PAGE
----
So I sewed this from Simplicity 4020 view A -- the big pieces show off the huge print -- as a joke. I'd wear it to work on a sort-of costume day but otherwise no way would I get caught in this.

Well. I got so many compliments. Whoa, people said it looked good with my coloring, and I looked like I was going out on a fun summer night. Yeah it's February in Chicago -- that was the point of a bright color day.

I've invested heavily in RTW wardrobe of coordinated solid browns, black, gray, red, blue, etc always put together appropriately. Appropriately risk-averse. And no one compliments those clothes. They certainly don't look fun.

So today was a surprise as big as this print.

You know what, this is fun to wear! I like it! I want to wear it again tomorrow and hope I don't run into anyone from work. I want to wear it all weekend. Who knew. Lesson learned today -- step outta your comfort zone!

It also pays off to pay for good quality fabrics. Despite needing to rip out three seams due to constructing too fast and making mistakes, the fabric did not stretch out. It showed no signs of the seam ripping.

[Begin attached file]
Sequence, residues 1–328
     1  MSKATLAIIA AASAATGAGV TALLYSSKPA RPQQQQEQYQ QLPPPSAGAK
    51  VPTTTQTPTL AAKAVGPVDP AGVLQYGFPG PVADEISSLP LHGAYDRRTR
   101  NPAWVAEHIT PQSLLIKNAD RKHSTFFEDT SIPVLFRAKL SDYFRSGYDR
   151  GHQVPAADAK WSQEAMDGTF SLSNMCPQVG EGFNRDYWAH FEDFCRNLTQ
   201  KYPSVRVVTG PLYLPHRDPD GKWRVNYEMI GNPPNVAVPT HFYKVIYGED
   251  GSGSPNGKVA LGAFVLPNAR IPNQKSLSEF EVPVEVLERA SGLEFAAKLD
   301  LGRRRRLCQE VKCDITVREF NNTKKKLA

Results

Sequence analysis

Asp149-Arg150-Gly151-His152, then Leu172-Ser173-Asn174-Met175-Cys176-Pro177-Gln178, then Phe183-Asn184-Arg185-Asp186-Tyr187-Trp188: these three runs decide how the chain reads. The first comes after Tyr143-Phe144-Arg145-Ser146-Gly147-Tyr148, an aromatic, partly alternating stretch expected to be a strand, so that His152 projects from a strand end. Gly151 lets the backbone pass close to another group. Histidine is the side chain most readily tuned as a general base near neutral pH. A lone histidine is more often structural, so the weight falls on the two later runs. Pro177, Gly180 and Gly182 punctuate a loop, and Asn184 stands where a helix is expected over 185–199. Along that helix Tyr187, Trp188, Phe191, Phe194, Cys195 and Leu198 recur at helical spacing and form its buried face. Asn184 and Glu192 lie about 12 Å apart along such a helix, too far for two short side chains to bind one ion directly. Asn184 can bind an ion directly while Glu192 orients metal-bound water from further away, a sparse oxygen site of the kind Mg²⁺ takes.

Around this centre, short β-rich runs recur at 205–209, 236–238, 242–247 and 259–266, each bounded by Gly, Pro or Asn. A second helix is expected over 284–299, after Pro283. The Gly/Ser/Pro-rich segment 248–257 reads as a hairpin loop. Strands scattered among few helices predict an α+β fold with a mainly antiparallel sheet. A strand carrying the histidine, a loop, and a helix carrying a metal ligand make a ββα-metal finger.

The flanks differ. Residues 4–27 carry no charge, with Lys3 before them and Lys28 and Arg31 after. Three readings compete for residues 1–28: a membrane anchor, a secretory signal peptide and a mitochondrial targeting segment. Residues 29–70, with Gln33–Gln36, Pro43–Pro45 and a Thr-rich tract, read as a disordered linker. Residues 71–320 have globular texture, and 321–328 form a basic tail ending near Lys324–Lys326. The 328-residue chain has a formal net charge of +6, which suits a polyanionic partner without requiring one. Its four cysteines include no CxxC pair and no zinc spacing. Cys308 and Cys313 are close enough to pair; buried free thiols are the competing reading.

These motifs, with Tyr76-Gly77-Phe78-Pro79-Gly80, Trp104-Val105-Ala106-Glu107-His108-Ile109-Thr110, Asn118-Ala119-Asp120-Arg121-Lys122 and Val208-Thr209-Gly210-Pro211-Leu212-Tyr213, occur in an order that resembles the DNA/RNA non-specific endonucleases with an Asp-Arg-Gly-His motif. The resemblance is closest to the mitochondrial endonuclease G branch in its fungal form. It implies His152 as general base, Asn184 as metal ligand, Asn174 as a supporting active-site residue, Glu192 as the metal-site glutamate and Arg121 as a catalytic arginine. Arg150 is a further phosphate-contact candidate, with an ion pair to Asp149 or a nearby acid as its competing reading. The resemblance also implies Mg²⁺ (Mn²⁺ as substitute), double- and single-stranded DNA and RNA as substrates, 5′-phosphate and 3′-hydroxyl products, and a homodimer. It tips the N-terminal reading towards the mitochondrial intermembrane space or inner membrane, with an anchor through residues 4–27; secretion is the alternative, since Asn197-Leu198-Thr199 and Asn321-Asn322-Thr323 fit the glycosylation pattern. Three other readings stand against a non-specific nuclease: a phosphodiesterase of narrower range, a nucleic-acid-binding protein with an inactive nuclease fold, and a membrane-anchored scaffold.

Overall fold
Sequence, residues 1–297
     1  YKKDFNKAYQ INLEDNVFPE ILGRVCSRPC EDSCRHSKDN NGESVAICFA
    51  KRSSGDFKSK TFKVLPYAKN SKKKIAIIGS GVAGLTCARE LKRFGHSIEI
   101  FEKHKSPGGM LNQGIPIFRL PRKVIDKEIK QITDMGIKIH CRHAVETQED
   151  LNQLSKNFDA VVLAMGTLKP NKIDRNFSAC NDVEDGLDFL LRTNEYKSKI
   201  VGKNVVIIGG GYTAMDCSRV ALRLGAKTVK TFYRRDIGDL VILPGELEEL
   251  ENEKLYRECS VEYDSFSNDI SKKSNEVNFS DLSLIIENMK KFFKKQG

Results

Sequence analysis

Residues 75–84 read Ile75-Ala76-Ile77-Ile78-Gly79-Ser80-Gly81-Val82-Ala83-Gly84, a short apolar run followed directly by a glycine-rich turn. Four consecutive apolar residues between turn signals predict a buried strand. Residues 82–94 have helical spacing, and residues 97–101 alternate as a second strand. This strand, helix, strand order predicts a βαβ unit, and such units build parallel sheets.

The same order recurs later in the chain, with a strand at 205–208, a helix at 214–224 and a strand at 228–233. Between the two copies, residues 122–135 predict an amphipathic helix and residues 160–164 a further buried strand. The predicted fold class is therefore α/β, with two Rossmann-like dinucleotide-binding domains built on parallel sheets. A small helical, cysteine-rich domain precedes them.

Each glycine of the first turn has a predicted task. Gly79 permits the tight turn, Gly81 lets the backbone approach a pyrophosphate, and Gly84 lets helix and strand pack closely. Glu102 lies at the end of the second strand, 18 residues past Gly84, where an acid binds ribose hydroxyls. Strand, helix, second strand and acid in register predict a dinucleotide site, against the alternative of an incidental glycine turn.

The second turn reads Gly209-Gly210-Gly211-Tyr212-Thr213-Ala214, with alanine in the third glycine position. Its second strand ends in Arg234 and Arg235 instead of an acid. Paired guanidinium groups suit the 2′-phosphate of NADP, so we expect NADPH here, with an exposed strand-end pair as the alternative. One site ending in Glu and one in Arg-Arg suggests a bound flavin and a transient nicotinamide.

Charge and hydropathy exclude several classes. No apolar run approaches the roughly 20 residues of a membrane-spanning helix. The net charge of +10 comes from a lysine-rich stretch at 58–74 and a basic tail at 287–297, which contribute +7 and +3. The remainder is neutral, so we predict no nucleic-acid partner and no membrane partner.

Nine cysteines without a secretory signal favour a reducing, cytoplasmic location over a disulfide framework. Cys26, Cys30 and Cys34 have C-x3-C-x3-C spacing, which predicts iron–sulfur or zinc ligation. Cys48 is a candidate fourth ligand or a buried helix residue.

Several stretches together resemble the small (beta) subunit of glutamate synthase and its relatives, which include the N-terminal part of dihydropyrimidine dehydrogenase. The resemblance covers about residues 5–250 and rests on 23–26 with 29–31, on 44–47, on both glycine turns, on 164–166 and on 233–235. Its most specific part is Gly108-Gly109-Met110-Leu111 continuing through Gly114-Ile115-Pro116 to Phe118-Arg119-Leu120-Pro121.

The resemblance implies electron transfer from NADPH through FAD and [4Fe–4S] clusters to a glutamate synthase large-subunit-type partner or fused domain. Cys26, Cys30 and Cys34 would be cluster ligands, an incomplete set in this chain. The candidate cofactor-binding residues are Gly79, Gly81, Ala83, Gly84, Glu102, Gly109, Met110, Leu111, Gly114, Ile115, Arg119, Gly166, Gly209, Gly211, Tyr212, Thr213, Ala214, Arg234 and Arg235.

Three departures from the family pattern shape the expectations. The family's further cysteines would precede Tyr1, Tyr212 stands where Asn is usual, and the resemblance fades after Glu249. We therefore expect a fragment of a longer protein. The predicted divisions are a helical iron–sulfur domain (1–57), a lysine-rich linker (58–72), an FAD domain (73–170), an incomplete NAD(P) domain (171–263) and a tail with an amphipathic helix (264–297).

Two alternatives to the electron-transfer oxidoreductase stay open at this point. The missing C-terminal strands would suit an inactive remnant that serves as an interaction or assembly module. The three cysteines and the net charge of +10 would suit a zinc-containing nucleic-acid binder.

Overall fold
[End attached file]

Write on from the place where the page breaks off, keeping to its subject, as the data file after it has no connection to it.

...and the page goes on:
- Posted from my iPhone

Saturday, February 13, 2010

Inspiration Anywhere

So I'm drinking Sat morn coffee and set the mug on a cheapie wicker stool from Target. That simple action led to some photo play. I love the chevron/herringbone texture of the stool. This image is modified in iPhone Photoshop app to look like a drawing. And to hide the low res of iPhone photos.

I was wishing it were a fabric. Well it could be! Experiment! Print your photos & designs on fabric. You can print any image on fabric. Make a collage of abstract images. See what happens. Design your own fabric and print it at Spoonflower.

YouTube video showing how to print on fabric.

Video showing how to print Photoshop photo onto fabric. This is a quilting demo but think about this for T-shirts, tote bags, etc.